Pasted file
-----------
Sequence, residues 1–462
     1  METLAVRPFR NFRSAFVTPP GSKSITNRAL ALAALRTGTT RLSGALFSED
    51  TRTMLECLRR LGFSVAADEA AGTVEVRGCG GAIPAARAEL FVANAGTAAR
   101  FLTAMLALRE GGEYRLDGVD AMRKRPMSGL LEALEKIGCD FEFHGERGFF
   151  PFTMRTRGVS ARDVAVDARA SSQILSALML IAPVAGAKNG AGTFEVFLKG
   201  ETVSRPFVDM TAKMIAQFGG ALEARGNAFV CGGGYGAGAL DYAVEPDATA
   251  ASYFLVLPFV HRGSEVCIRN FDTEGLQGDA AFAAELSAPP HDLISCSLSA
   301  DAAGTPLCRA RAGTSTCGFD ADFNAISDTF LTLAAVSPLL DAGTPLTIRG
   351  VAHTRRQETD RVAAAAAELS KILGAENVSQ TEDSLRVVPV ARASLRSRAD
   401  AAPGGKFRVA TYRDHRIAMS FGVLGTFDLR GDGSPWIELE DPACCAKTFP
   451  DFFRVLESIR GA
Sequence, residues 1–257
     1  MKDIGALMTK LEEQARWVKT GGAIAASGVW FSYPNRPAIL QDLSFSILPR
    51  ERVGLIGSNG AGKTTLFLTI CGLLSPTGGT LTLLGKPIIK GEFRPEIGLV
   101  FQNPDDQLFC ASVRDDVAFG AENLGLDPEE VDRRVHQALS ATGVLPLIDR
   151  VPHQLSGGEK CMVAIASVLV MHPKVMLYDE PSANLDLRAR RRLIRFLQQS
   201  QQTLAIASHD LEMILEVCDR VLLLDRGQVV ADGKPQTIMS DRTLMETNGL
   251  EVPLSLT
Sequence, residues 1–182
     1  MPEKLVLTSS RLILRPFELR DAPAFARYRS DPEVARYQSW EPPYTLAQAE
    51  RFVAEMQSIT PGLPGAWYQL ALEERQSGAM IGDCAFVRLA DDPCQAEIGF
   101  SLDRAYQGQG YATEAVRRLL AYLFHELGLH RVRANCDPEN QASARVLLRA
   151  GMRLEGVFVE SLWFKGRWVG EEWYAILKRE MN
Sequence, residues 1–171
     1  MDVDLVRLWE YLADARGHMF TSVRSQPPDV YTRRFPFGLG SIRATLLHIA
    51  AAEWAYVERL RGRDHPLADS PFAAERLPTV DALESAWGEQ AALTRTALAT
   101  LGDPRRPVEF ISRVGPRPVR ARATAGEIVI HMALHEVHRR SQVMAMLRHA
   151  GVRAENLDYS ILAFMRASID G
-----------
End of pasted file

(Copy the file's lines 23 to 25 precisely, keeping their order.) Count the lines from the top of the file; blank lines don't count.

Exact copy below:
   151  GMRLEGVFVE SLWFKGRWVG EEWYAILKRE MN
Sequence, residues 1–171
     1  MDVDLVRLWE YLADARGHMF TSVRSQPPDV YTRRFPFGLG SIRATLLHIA